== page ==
One of incredible benefits of MECP is that you receive new orders to attend nursing school, which is your sole job and focus. I got paid my normal Active Duty paycheck to focus 100% on academics. There were only a few military requirements that I needed to complete.
Why did you choose to attend UMassD?
UMassD has an excellent nursing program and ranks high for NCLEX pass rates. It was close to Rhode Island, so my wife and two kids didn’t have to move anywhere. I also really liked the school architecture and how it looked when I toured here.
I have loved being a student here. There are great people, great resources, and great food! The nursing program has been excellent, and I have had many great professors that always encourage us and help us to be successful.
What did you do in your clinical rotations?
I went to several different places for my clinical rotations. My first clinical was at The Cottages at Dartmouth Village where we practiced interviewing the residents there as part of our Holistic Health Assessments. This was the “break-the-ice” clinical, as it was the first hands-on clinical experience for us to practice our new skills we were learning.
During my sophomore year, I was at St. Anne’s Hospital, which only lasted one week due to the start of the COVID-19 pandemic when everything was shifted to virtual learning. Luckily, we were able to return to clinical the next semester and I ended up going back to St. Anne’s. We practiced med-surg nursing and gained a lot of hands-on experience for the skills that we had learned in our simulation labs on-campus and virtually.
During junior year, we had our Community Health clinical rotation when we largely participated with COVID-19 immunizations all around the SouthCoast communities and assisted on campus performing COVID-19 testing. I was assigned one day that semester at the St. Anne’s Wound Care Clinic, which was perhaps one of the best and most impactful experiences I had throughout my entire clinical experiences. Also, during that same semester, I had my Psychiatric Nursing clinical at Bradley Hospital in East Providence, RI, where I was able to rotate through every department there and worked with children ranging from 5 to 17 years old.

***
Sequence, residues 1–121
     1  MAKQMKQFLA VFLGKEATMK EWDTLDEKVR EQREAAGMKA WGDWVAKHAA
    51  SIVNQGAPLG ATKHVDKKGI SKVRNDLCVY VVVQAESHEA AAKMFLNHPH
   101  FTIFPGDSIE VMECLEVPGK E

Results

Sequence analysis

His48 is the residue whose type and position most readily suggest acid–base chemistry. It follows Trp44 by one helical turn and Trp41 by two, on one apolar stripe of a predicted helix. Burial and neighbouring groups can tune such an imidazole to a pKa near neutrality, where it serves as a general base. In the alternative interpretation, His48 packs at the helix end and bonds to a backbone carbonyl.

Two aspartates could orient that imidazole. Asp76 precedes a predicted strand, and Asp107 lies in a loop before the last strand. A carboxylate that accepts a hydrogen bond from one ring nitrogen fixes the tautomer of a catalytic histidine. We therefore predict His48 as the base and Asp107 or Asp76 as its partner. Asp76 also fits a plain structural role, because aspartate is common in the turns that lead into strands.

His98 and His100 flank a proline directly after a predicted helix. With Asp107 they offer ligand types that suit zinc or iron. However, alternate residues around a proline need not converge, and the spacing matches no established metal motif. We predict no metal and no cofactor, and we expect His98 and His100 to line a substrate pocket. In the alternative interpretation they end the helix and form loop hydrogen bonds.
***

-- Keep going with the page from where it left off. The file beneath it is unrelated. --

I had my Labor & Delivery and Pediatric clinical rotations at Charlton Memorial Hospital during my senior year and had many great experiences there. Finally, this semester, I completed my mentorship clinical at St. Anne’s Hospital in the Emergency Department. It was by far the most I have learned and experienced throughout all of nursing school. Everything just seemed to come together while I was there; I had so many “a-ha” moments from remembering things we learned way back in sophomore year all the way to now and having it all make sense in the moment as I was experiencing it in front of me.
If you asked me prior to my mentorship if I thought I felt ready to become a nurse at the end of the semester, the answer would’ve been “no, not really.” Now, after my experience during my mentorship, my answer is “yes, I’ve got this!”
Do you have a favorite class or professor at UMassD?
Even though it was probably the hardest class, I really enjoyed pathophysiology. I l thought it was cool connecting the dots as to why things happen in the body and how it is all broken down into the cellular basics and then upward. I can’t say I have a favorite professor because I had so many great ones.
Do you feel well prepared for a nursing career based on the education you received here?
I absolutely do. Of course, I’m nervous and feel anxious about being a brand-new nurse, but I have learned so much and feel like I have been given the skills and confidence to be a great nurse.